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Evidence from Eye-Movement Patterns

Published online by Cambridge University Press:  20 May 2015

Aline Godfroid*
Michigan State University
Shawn Loewen
Michigan State University
Sehoon Jung
Michigan State University
Ji-Hyun Park
Michigan State University
Susan Gass
Michigan State University
Rod Ellis
University of Auckland
*Correspondence concerning this article should be addressed to Dr. Aline Godfroid, Second Language Studies Program, Michigan State University, B253 Wells Hall, 619 Red Cedar Road, East Lansing, MI, 48824. E-mail:


Grammaticality judgment tests (GJTs) have been used to elicit data reflecting second language (L2) speakers’ knowledge of L2 grammar. However, the exact constructs measured by GJTs, whether primarily implicit or explicit knowledge, are disputed and have been argued to differ depending on test-related variables (i.e., time pressure and item grammaticality).

Using eye-tracking, this study replicates the GJT results in R. Ellis (2005). Twenty native and 40 nonnative English speakers judged sentences with and without time pressure. Analyses revealed that time pressure suppressed regressions (right-to-left eye movements) in nonnative speakers only. Conversely, both groups regressed more on untimed, grammatical items. These findings suggest that timed and untimed GJTs measure different constructs, which could correspond to implicit and explicit knowledge, respectively. In particular, they point to a difference in the levels of automatic and controlled processing involved in responding to the timed and untimed tests. Furthermore, untimed grammatical items may induce GJT-specific task effects.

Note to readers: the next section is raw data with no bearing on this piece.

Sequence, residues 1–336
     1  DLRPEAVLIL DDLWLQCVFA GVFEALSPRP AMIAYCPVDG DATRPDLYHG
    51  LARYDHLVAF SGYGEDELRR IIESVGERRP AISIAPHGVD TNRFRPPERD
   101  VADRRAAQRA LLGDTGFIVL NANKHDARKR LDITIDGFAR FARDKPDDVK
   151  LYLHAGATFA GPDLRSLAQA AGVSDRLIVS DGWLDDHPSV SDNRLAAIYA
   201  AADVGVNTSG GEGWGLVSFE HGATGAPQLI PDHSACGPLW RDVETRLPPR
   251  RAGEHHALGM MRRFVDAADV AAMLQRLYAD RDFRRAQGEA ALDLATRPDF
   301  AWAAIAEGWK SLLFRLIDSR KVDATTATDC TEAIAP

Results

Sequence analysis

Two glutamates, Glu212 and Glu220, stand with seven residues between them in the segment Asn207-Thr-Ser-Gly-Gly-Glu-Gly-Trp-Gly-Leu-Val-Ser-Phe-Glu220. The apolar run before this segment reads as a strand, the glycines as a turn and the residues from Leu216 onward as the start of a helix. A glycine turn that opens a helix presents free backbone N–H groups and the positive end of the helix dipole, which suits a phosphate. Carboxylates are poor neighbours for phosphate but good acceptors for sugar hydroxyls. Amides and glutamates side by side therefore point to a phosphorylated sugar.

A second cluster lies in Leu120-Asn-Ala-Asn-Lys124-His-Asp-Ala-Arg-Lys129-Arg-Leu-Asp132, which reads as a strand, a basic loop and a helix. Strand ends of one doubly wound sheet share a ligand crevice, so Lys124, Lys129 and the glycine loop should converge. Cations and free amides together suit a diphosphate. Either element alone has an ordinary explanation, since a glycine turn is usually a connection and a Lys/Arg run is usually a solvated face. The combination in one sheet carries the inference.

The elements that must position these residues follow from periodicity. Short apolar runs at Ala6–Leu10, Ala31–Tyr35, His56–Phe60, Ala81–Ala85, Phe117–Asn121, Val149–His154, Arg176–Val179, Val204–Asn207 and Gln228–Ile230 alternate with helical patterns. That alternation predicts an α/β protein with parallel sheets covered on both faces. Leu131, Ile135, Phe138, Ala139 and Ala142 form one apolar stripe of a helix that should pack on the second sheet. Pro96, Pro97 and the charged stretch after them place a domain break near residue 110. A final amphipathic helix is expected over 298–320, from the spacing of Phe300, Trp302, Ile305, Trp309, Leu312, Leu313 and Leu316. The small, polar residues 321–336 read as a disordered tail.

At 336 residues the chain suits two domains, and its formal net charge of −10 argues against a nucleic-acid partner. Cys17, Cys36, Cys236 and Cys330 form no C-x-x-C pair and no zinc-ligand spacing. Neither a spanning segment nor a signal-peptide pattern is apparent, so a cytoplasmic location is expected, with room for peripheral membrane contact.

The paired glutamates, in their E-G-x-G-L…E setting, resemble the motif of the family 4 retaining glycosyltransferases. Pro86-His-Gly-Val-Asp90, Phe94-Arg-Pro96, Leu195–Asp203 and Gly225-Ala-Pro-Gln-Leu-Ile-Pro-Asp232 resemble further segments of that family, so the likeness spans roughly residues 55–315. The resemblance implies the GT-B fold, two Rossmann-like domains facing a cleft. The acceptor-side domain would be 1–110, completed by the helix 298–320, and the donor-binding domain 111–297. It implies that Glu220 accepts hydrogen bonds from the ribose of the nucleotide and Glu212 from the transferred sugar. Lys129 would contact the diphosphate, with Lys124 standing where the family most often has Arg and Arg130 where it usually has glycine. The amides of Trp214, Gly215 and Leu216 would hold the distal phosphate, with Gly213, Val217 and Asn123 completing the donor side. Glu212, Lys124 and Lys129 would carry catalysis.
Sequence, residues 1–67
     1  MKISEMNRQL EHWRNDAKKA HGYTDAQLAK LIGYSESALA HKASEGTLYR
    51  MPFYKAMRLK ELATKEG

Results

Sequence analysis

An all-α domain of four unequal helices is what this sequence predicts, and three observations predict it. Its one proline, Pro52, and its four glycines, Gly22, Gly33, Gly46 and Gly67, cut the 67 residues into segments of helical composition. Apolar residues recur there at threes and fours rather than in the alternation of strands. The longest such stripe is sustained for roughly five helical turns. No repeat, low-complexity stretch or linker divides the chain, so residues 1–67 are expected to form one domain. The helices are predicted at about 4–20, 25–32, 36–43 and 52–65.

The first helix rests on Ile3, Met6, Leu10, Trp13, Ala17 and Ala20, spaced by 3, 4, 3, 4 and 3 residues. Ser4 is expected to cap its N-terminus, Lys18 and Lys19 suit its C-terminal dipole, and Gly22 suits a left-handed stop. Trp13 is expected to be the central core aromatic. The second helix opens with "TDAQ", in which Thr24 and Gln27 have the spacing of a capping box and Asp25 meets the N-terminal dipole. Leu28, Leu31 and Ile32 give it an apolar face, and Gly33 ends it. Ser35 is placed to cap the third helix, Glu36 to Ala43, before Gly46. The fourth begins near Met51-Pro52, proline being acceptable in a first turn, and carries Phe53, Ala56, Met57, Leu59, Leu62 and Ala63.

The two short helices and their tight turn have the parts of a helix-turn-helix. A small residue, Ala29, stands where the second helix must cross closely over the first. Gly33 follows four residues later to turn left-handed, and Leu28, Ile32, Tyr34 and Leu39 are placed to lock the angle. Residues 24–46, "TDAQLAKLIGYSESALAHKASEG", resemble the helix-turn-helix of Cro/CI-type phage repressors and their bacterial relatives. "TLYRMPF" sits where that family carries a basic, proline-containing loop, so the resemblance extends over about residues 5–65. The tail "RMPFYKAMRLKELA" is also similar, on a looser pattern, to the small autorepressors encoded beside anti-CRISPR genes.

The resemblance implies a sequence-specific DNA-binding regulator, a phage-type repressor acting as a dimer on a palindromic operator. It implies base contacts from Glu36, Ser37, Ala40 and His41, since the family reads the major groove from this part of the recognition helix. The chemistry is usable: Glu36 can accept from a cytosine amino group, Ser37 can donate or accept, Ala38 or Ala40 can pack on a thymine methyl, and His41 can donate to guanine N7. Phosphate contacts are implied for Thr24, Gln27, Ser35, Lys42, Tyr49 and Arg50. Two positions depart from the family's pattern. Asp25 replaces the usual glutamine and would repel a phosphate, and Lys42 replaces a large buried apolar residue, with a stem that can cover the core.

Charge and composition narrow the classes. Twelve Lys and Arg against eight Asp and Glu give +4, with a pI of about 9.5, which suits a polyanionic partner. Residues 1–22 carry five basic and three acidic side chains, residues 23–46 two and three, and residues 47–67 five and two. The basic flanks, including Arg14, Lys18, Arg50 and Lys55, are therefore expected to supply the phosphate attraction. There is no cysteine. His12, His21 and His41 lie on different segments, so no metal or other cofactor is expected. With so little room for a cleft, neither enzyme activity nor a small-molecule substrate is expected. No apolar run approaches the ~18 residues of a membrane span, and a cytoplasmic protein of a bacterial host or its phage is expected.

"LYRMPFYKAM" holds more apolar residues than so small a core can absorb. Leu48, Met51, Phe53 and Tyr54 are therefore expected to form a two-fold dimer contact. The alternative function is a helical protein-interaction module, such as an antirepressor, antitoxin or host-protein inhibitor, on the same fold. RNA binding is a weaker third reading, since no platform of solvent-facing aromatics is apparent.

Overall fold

Copyright © Cambridge University Press 2015 

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